5 Common Causes of Hair Loss, According to a TrichologistSeptember 09, 2022
Hair loss is a lot more common than you might think. For context: It's completely normal to shed between 50 and 100 hairs daily, according to the American Academy of Dermatology (AAD). But when it starts to feel excessive — and (or) your hair seems thinner — you should book an appointment with a dermatologist or a trichologist.
After all, hair loss could be due to various causes, from too-tight hairstyles and nutrient-restrictive diets to genetics. Ahead, we break down five leading causes of hair loss with expert insight from William Gaunitz, FWTS, certified trichologist and founder of Advanced Trichology, and Shab Reslan, a trichologist and hair expert based in New York City.
One of the most common causes of hair loss is a hereditary condition called androgenic alopecia, according to Gaunitz. It occurs gradually with aging, recognized by a “general thinning of specific areas of the scalp,” and it affects “more than 50 million men and 30 million women in the United States,” per NYU Langone Health.
Gaunitz sees the most positive results in addressing androgenetic alopecia using "internal and external modalities including nutritional supplements and a topical tincture." Without getting *too* science-y, the former "addresses the amount of dihydrotestosterone (DHT) binding to the hair follicle receptor," which is what is responsible for hair loss, while the latter "disrupts the binding of DHT at the receptor site."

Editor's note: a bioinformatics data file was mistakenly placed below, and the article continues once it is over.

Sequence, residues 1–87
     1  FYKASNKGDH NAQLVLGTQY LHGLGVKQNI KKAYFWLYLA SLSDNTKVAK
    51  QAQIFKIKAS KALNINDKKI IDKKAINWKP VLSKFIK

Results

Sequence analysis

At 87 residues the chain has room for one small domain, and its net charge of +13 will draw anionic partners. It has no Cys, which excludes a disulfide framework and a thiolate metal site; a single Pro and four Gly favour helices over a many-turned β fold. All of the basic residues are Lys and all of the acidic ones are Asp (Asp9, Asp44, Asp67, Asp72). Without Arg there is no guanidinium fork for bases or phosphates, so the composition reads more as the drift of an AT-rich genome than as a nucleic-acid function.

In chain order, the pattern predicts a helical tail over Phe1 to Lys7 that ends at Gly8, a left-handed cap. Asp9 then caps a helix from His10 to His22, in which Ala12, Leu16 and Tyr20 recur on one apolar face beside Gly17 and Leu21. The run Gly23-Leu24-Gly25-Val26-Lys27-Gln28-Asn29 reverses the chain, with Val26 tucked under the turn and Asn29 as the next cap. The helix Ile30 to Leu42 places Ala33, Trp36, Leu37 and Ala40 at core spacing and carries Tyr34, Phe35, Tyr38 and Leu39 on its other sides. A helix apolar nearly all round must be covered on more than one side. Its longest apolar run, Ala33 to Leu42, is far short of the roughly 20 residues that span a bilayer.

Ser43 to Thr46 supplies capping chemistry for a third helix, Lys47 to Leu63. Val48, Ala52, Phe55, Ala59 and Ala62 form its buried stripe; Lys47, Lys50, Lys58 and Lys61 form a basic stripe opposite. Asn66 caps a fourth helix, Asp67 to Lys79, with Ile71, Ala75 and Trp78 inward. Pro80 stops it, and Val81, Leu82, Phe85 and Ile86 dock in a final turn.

"If your diet lacks essential nutrients such as zinc, magnesium, vitamin A, iron and B vitamins, your hair will not grow optimally, and you could be weakening the cells in your hair follicles responsible for hair growth,” says Reslan. If you’re unsure if you’re deficient, reach out to your healthcare provider. They may recommend a blood test to determine if and where you’re deficient.
According to Reslan, certain hormonal changes can cause temporary hair fall. For example, she mentions that it’s common to experience hair loss after getting off birth control, during the postpartum period, or during menopause due to irregular changes in estrogen.
We should more broadly discuss this natural cause of hair loss, stresses Reslan. After all, "raising awareness of natural causes of hair shedding can help women get through these challenging situations."
Stress is a temporary form of hair loss. "Inflammation created in the body due to high stress causes the hair system to shut down and prematurely push hair into the resting phase of its growth cycle," she explains. "This phase can last a few months, which is why the actual shedding from stress-induced hair loss does not occur until at least three to four months after a specific episode."
So long as you decrease your stress levels and treat yourself to "proper health, diet, and scalp maintenance," the hair will grow back," says the pro.
Did you know that your hairstyle could cause hair loss? Yup, it's called traction alopecia, and it sometimes occurs if you frequently wear your hair tightly pulled back (i.e., ponytails, tightly braided hair and up-dos). The solution is simple, though: Reduce the tension by loosening up your hairstyle, when possible, or at the very least, reduce the amount of time your hair is styled tightly.
Since hair loss can be the result of many different factors, it’s always best to speak to a trained medical expert, like your healthcare provider or dermatologist, about your concerns.
Photo: Chaunte Vaughn